- Science.org

A DSc or DEng — or similar STEM-oriented professional doctorate degree — would be a powerful way to advance professionally if you’re involved in the STEM sector. Your doctorate should help you qualify for advanced research and development roles, consulting roles, or executive positions.

D.B.A. (Doctor of Business Administration)

Business degrees offer you a great deal in the way of flexible opportunities for employment and professional advancement. The DBA degree takes your learning to the next level — bridging advanced theoretical business knowledge and highly complex real-world challenges.

Unlike many MBA programs that serve large cohorts of business students, the DBA is designed for senior-level business professionals in leadership and consulting roles.

Depending on the program you choose and your areas of specialization, a DBA track should offer you opportunities for exploring advanced methods, tools, and frameworks for:

  • business planning and systems analysis
  • organizational leadership
  • financial planning and modeling
  • complex logistical problem solving

Because you’re in a program designed for executives, you should also tap into some excellent networking opportunities.

This kind of networking can be a bigger-than-expected benefit of your professional doctorate program. People in your cohort may help you find new professional opportunities and prove to be valuable resources for information sharing and mentoring.

J.D. (Doctor of Jurisprudence)

If you’re interested in becoming a lawyer, getting the JD degree and passing the BAR exam are the two biggest milestones at the outset of your journey.

For most students, the path to the JD degree — also called a juris doctor degree — begins by completing a bachelor degree program and then enrolling in an accredited law school.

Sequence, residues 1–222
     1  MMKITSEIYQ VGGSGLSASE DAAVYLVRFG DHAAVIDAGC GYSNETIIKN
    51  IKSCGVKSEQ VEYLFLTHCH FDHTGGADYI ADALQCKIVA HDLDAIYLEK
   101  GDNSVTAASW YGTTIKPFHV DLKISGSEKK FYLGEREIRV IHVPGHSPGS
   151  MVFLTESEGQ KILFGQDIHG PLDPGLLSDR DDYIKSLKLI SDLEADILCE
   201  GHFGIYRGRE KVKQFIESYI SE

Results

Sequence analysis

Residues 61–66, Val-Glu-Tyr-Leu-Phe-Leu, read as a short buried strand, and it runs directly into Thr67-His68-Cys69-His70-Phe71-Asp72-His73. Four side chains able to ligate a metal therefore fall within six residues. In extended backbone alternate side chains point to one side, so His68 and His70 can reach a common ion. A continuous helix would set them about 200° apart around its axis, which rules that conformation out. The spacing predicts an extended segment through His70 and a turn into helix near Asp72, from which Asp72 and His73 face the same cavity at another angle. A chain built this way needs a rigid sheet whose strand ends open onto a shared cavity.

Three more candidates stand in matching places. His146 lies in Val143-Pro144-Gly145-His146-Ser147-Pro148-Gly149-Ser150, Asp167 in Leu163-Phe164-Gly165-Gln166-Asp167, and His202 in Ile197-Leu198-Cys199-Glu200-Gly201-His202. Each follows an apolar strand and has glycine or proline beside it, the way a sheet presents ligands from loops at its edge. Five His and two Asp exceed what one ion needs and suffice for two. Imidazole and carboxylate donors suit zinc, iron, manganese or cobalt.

Those who aspire to practice law in the US will also typically need to satisfy state licensing requirements — so it’s a good idea for juris doctor degree seekers to consider at the outset what state they want to practice in.

A JD curriculum blends theoretical learning and practical training. Your training will prepare you to navigate the intricacies of legal argumentation and courtroom proceedings. Many JD programs can be completed in four years or less.

Most JD programs also have programming to support students’ success on the BAR exam. After getting your doctor of jurisprudence degree, you’ll still need to pass the BAR exam before you can get licensed to practice law in almost any state.

Blog Banner
Blog Banner

Earning Your Doctorate Degree: The Journey

Academic and Professional Prerequisites

Securing your spot in a doctoral program requires more than just the desire to learn. Generally, what you'll need to get into a doctoral program includes:

  • A master’s degree (in most cases) and a proven record of academic achievement
  • A satisfactory college GPA, typically 3.5 or above
  • Relevant professional experiences may also be required or helpful
  • Letters of recommendation
  • A personal statement that highlights your academic and professional passions, motivations, and goals

Most doctoral programs will also be interested in knowing what specific research interests you have — especially since doctoral candidates typically work much more closely with faculty leaders than do other students.